Landis wasn’t the first to see an allegory for adolescence in the werewolf’s transformation. In 1957, Herman Cohen cast a young Michael Landon in “I Was a Teenage Werewolf.” In fact, the teenage werewolf is a subspecies until itself with 1985’s underappreciated movie “Teen Wolf” and the fabulous Canadian film “Ginger Snaps” as prominent examples.

“Buffy the Vampire Slayer” was the apex of the trend that saw adolescence and monstrosity play off each other. Unfortunately, “Buffy,” though marvelous in many ways, shied away from questions of ethnicity. The fictional Sunnydale, Calif., was a multihued but ultimately pareve town, except for the higher-than-average number of supernatural creatures that lived there.

And Oz was the kind of Jewish werewolf that Birthright Israel might be aimed at attracting: If his character was meant to be Jewish, it was strictly an accident of birth. His Jewishness seems to have extended only as far as being sensitive, smart and short. He was good looking, a guitar player and un-Jewishly laconic. And being Jewish no longer qualified him as an outsider. Oz would never have had nightmares of anti-Semitic violence.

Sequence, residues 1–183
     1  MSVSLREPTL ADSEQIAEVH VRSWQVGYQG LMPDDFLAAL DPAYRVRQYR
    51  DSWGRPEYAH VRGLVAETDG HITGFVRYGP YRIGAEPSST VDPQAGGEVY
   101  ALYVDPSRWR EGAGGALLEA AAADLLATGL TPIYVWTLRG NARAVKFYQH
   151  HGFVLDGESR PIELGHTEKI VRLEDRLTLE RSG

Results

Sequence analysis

Therein lies his failure as a werewolf: North American Jews of the “Buffy” generation are so comfortable in their skins, they don’t need to put on fur. At least not in the presence of non-Jews.

So if the werewolf is no longer a viable metaphor for Jewish life among non-Jews, why should Jews go out of their way to preserve it? Let werewolves join self-help groups where they can learn to be normal members of society, ? la Oz?

Mark of the Werewolf

In the 1970s — dubbed "the Bronze Age" by comic book historians — I was a kid living in Canarsie, Brooklyn, N.Y., where, every week, I blew my allowance on Marvel Comics. What I didn’t know at the time was that Don Perlin, a Canarsie native, was illustrating some of those books in my very neighborhood — at one point, on my block! With next week’s San Diego ComiCon International, the nation’s biggest comic book convention (Aug. 1-4), I reached my childhood hero by phone at his Jacksonville, Fla. residence.

Born in the Brownsville section of Brooklyn to refugees of the Russo-Japanese war, Perlin moved to Canarsie at age 3. Aside from his years in the Army and a brief residency in Crown Heights, N.Y., Perlin lived in Canarsie until 1996.